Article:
I saw this link in my Twitter feed:
I read the article, skimmed the comments, and replied to it in my own Twitter feed:
This term, I've been experiencing some of the most mentally taxing teaching of my life. I have five different "preps," English 7, 8, 9, 10, and 11. My more senior classes each have between 26 and 30 students. My junior classes feature a "spread" between students who are designated as "gifted" and those who are capable of work at a "Grade 3 or so" level. Simultaneously I'm trying to adapt to BC's new curriculum, which is adding an enormous amount of work to an already overworked mental space. Although I'm sure I'll get through, by my standards things are not going well at work.
Beyond this, I don't have many responsibilities. My children live far away right now. I'm in a play, though, and that takes up 12 hours a week with rehearsals with an additional 4 hours of driving each week. That play will be all done by the end of November, but right now it's pretty taxing. If I'd realized just how large my classes would be this term, I doubt I would have auditioned for the play.
In the meantime, since I'm not doing exceptionally well at planning for my classes, I'm scrambling at work. This is the sort of time when teachers should take "sick days" to catch up on rest and whatnot, but I don't feel like I can do it because I haven't planned well enough for the classes. I'd be releasing a poor Teacher-On-Call to the wolves. It just wouldn't work. But I'm going to have to, probably just after I finish report cards, which are due next Wednesday.
This is nothing new for teaching. Large classes, report cards, parent teacher interviews are the norm. However, I do believe the number of responsibilities for teachers have increased with the advent of technologies like email and the Internet. Students submit their work in a myriad of formats; I am expected to read and understand practically every email that crosses my feed, whether it's from a colleague, parent, administrator, or student. I'm expected to keep up with a website in order to keep in contact with parents. It's just too much to keep track of. I find myself spending hours at the school just trying to get the most basic marking and planning done. It's exhausting.
Many of these roles simply weren't required before the advent of technologies that normalized them. Notes home and face to face interviews tended to dominate the communication cycle. I know it would have been stressful, but I think it would feel more real, more authentic. The fact is that I do an enormous amount of digital work that could very well not pay off and distracts from my work in the classroom. I don't like it.
In response to this stress level, I've started looking into ways to not spend so much time in the classroom in order to decrease the marking and planning aspects. I like educating, but the marking feels more and more futile every year. I'd like to find a side hustle in order to keep things fresh in my life. As much as I enjoy playing at a restaurant on the weekends, I'd love to be able to do a little more.
In a couple weeks, parent-teacher interviews will take place; there's an education conference in the middle of the month on the same Thursday and Friday that open the play. And then the play finishes on the 25th.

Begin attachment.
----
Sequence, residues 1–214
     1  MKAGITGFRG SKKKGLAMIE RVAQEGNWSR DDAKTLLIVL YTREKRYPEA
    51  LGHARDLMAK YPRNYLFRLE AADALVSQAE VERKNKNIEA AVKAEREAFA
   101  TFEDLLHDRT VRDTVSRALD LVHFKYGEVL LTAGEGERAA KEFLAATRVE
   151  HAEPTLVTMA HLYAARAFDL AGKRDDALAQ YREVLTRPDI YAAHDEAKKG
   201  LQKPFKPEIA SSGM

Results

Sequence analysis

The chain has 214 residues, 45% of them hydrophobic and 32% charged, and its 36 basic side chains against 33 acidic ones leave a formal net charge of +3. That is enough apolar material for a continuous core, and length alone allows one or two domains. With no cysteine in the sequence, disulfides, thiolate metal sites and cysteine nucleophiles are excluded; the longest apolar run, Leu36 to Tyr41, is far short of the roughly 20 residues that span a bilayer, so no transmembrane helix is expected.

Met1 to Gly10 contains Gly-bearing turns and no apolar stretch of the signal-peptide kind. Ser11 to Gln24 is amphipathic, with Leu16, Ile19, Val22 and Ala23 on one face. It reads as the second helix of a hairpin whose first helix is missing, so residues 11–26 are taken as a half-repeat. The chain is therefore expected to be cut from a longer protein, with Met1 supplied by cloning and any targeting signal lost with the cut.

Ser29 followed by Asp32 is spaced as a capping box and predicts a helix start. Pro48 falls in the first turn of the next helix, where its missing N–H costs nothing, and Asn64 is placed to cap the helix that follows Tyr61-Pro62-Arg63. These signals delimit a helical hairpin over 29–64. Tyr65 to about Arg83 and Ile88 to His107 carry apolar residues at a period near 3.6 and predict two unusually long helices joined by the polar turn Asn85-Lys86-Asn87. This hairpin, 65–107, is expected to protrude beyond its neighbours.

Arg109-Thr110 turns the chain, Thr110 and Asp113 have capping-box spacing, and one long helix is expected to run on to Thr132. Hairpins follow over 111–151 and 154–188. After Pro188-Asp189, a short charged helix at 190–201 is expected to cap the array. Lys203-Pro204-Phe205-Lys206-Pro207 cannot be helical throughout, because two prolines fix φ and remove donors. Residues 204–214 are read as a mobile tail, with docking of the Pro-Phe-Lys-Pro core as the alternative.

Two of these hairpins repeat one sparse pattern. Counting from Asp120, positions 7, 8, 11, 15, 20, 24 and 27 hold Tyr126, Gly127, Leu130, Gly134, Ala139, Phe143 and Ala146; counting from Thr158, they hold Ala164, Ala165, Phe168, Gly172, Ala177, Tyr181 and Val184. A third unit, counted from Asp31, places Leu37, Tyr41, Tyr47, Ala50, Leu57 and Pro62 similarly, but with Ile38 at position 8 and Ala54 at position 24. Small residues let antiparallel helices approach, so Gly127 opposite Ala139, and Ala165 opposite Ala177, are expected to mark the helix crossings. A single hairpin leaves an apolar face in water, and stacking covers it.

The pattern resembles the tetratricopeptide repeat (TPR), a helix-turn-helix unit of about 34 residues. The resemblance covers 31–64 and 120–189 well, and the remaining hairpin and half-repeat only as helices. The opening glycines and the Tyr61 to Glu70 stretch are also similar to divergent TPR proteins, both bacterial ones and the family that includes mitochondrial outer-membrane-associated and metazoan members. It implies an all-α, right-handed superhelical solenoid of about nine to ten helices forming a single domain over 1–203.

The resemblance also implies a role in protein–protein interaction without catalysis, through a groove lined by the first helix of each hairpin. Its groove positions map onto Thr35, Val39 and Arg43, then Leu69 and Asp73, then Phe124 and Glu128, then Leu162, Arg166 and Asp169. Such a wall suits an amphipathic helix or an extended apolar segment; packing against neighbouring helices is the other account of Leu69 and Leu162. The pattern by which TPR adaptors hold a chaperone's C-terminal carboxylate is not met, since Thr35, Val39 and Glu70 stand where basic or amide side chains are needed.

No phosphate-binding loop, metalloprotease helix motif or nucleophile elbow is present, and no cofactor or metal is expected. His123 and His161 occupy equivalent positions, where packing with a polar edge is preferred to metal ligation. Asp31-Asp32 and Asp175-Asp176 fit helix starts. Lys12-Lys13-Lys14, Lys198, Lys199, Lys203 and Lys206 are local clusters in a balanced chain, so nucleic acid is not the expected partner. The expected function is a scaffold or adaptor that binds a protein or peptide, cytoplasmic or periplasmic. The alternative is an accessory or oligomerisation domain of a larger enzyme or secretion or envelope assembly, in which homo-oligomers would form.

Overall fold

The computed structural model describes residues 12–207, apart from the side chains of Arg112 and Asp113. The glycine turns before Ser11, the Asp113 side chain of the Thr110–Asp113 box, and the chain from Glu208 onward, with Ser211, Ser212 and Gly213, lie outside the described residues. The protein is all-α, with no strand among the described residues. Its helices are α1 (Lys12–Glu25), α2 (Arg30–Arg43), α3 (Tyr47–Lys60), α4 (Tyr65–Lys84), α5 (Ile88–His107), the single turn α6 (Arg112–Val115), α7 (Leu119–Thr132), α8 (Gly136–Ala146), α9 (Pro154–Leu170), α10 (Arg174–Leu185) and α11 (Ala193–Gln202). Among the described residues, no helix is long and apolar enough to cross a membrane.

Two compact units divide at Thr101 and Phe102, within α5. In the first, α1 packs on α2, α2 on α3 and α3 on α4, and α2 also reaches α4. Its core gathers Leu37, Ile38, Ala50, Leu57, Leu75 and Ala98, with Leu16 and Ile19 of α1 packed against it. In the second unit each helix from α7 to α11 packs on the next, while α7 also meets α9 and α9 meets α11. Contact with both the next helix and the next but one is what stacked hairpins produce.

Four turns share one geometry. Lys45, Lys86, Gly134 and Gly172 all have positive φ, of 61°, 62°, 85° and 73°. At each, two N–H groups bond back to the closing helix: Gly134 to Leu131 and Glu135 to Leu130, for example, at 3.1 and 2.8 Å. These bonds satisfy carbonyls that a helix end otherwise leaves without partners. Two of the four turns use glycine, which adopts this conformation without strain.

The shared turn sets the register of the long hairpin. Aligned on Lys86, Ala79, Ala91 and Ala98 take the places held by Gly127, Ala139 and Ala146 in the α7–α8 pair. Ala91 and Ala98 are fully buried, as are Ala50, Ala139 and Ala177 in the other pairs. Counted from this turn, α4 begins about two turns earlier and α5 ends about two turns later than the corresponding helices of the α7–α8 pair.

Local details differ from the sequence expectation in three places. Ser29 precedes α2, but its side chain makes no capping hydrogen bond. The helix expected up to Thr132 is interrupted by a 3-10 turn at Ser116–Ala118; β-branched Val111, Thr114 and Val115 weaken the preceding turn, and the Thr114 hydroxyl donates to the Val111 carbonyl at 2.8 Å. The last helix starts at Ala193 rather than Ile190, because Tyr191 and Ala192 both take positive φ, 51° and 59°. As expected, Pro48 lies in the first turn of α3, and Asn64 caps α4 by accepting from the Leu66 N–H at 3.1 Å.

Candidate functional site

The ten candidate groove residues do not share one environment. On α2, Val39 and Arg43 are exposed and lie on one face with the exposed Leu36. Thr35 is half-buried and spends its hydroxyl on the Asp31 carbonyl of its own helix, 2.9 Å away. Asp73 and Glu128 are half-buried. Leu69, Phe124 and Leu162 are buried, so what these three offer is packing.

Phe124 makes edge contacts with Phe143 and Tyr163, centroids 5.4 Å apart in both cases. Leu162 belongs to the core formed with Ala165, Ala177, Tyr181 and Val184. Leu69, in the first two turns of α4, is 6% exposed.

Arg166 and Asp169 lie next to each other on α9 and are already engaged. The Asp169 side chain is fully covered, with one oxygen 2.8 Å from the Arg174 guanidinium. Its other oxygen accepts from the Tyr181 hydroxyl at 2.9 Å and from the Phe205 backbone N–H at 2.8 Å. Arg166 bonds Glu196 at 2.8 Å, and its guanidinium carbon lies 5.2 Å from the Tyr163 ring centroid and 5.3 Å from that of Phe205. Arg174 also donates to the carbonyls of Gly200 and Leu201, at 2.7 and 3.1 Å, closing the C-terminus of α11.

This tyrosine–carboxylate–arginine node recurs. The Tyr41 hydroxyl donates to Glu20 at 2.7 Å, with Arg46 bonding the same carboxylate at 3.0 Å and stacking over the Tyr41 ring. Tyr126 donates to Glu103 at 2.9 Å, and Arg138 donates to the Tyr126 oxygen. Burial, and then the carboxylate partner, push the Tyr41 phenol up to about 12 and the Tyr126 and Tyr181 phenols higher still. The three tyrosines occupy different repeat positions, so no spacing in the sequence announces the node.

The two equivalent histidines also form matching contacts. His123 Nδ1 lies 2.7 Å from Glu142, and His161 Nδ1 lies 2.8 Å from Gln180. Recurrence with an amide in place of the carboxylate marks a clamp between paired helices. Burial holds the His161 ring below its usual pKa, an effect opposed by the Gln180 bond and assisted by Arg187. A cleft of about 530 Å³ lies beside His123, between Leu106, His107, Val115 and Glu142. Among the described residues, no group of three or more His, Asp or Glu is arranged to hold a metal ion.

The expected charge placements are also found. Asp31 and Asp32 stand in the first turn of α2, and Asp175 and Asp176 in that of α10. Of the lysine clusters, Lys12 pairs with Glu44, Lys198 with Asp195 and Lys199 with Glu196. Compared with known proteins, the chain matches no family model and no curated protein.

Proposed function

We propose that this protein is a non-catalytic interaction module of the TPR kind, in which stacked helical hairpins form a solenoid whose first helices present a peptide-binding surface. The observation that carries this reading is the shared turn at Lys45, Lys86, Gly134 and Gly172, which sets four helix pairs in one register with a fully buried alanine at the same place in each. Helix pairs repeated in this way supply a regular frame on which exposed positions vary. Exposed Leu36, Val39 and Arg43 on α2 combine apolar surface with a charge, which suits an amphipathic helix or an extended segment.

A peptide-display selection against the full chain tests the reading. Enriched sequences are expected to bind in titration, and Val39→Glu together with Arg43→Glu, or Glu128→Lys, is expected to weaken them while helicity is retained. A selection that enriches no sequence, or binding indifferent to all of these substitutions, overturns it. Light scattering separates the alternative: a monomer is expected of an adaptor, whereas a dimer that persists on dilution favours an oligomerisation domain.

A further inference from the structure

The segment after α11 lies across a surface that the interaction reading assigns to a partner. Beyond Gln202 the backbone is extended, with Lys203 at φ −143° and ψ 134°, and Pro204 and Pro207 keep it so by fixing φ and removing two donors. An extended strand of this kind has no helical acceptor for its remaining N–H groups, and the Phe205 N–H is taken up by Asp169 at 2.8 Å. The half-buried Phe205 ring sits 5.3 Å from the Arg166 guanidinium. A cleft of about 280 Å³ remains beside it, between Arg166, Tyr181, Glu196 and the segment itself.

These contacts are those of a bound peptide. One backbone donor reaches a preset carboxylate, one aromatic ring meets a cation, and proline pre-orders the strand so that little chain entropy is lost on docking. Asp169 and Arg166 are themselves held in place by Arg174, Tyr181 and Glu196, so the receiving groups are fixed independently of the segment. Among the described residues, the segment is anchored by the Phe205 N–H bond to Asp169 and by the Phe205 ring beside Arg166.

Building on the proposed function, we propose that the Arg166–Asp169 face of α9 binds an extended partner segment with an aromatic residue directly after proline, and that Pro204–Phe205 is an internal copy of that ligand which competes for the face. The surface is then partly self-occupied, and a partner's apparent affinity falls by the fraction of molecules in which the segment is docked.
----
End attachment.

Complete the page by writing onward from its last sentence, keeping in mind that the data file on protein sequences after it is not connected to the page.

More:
But this too shall pass. On the 26th, I'll have nothing but work to do and preparations for Winter Break. And I've treated myself to a birthday present: a nosebleed ticket to the Leafs-Canucks game in Vancouver on December 2nd.
But this month, as exciting as it will be, as many positive, empowering things as there are to do, couldn't end any sooner.
I've been looking for an acoustic guitar for quite some time. The old acoustic I used was my wife's and went with her, so I don't have one around anymore. This is fine, but it's hard to write music in a quiet apartment when there isn't a no-nonsense acoustic around to use at moments of melodic inspiration.
The fact is, however, that I'm really, really picky about acoustic guitars. I hate the "dreadnought" design and avoid most crisp-sounding instruments. I like old, plunky, parlour-sized styled acoustics, and those seem to be getting harder to come by. Also, I've started looking for an acoustic with on-board electronics so I can easily plug in for live shows. So I'm more picky than usual.
There are plenty of acoustics I'm interested in. I tried out a few here:
And what I liked the most was this Gretsch archtop... that isn't really much of an acoustic in the first place. Go figure.
I broke down a few days ago and bought a cheap guitar of off of Craigslist. I bought it for $40, but already regret it. It's a dreadnought, so it's way too big. And it doesn't sound a thing like I want an acoustic to sound like. Because it's just plain a terrible guitar overall.
Here's my first half-assed attempt at making it sound respectable.
Its action was way too high. But that's not what the guitar is for.
But I still hate it.
So today, after a meeting, I went out and got it some new strings. And I almost tuned it and tried again:
So I did it. I have an acoustic guitar to try to write again.
But all it makes me want to do is get a better acoustic so I can actually enjoy it. Today, it was this one, which sounds almost exactly like the guitar I picked for my wife:
But really I want this not-quite-an-acoustic that is much more my style, but a little too delicate for my to use at school or for campfires. This one:
And I'm super-duper interested in this one, despite its lack of on-board electronics.
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